I came across a moment of realisation earlier this summer break: everything has a history. Of course, this isn’t the very first time that I’ve had this realisation, but for some reason I seem to forget it quite often. Everything has a history: all people, all items, all things. Take for example the cup of coffee I made myself this morning: the cup has its own history and came from somewhere and was made by something/someone; the coffee came to my kitchen through a convoluted history which stretches back much further than simply purchasing it in a supermarket; and this is before we even tackle the reason as to why I drink coffee in the morning (cultural history which stretches back hundreds of years). Anyhow, this most recent realisation came whilst visiting Alton Towers theme park.

Yes, I realised: even Alton Towers theme park has its own history. I’ve never really considered this on previous visits, when back then my main priority was on getting on the best rides and in downing as much Coca-Cola as possible. But this summer I returned not with the intention of doing any of those things but rather in giving my daughter the experience of Cbeebies Land. We spent a couple of days at the theme park, during which time we exhausted the rides in the children’s area; on the second day we decided on venturing further afield and sat down on the grass to eat ice-creams. Whilst there my daughter pointed to the building opposite us and said, ‘Daddy, is that a castle?’ I looked at the structure and thought to myself: ‘Yes, just what is that?’

Previously I had simply considered ‘Alton Towers’ – the older structure which is at the heart of the theme park – a recent invention to pull in the punters. As a child I had walked around it to find other rides and other areas and had never took a moment to ponder just what it was, rather than a geographical hindrance. But now looking at it again I wondered what it was and what its history was. So, my daughter and I decided on a further inspection of the building and we were pleased to find that we could walk inside it and have a gander at the walls and the towers.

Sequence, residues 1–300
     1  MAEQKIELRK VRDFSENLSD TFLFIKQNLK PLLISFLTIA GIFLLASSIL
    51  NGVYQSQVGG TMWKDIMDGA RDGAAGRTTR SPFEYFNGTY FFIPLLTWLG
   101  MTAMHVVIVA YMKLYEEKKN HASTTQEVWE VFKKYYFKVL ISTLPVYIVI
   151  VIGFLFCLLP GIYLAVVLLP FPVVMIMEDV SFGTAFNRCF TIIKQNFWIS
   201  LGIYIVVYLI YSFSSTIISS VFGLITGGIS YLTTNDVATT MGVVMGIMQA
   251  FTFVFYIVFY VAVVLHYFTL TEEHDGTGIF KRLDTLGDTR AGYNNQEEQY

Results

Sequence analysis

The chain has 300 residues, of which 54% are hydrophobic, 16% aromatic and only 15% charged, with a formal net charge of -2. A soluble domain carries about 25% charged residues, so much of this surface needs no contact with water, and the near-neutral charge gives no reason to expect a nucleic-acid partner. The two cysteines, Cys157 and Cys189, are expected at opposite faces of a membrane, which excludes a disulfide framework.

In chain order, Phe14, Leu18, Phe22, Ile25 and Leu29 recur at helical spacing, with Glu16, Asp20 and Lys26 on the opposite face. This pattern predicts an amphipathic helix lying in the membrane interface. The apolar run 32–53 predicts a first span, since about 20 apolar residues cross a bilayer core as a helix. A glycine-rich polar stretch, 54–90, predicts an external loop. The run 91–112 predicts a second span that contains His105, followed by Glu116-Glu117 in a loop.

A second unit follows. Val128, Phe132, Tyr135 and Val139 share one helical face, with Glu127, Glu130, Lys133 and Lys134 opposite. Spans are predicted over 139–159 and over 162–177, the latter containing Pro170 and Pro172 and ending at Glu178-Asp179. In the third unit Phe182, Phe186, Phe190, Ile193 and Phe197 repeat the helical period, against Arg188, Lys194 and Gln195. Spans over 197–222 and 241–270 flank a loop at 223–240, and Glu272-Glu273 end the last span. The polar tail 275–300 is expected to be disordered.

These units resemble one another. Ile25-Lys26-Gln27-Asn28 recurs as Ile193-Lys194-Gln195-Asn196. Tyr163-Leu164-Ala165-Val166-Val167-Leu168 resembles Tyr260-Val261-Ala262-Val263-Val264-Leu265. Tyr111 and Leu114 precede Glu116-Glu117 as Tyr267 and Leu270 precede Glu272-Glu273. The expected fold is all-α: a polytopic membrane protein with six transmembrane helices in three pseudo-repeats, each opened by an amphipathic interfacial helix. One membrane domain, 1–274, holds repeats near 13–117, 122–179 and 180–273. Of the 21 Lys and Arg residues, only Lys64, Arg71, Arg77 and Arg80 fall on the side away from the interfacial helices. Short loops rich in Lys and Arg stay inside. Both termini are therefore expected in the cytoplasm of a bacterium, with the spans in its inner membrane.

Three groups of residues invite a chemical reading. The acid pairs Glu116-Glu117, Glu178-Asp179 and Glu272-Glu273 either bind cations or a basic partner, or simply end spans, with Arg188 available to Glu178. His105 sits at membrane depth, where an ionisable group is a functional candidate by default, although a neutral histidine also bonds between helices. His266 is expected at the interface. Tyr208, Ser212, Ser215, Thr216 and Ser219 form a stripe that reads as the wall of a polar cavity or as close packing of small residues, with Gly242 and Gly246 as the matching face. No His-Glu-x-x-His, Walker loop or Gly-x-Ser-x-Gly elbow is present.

‘Do you think Harry and Megan live here, Daddy?’ my daughter asked hopefully. Well, no, nobody lived there anymore. In fact, much of the entrances were boarded up or entirely removed. But whilst walking it was clear that this building had a history and one that stretched back further than the theme park that now serves as the central focus of the area.


The theme park came into being in the second half of the 20th century. Before that the area took the form of many other manorial homes of England: it was a country estate for a wealthy family. In 1801, the 15th Earl of Shrewsbury extensively developed the estate to create a Gothic-inspired home of considerable size. This Earl is attributed to the local ‘Chained Oak’ legend, which gives the story of the Earl returning home and coming across an old beggar woman. Rather than provide some money to the woman the Earl dismissed her, which led to the woman placing a curse on Shrewsbury and his family. The woman is said to have told him:

“For every branch on the Old Oak Tree here that falls, a member of the Earl’s family will die.”

Obviously, the Earl dismissed such superstition and continued on his way. However, that very night came a horrible storm which caused a branch to break and fall. And that very same night came the news that somebody in the Earl’s family had died. Rather than make some sort of recompense to the woman the Earl took the decision to order his servants to chain every branch together to prevent other branches from falling. (Although in recent years the tree has started to crumble and collapse…although the current Talbots have confirmed that when the first branch fell in 2007 no family member died.)

By the middle of the 19th century the home was no longer occupied and at this point it appears to have started its second – now primary – use as a place of attraction to the locals. In order to raise money the grounds were opened to the public, and by the end of the century fetes were held; all of this now appears to foreshadow its use as a place of pilgrimage for pleasure-seekers. And now the history of Alton Towers is somewhat overshadowed by the theme park, with its very own fragments of history being utilised in its rides (such as Hex utilising the legend of the Chained Oak). I guess what an old history lecturer of mine once said is true: ‘All history ends in tourism.’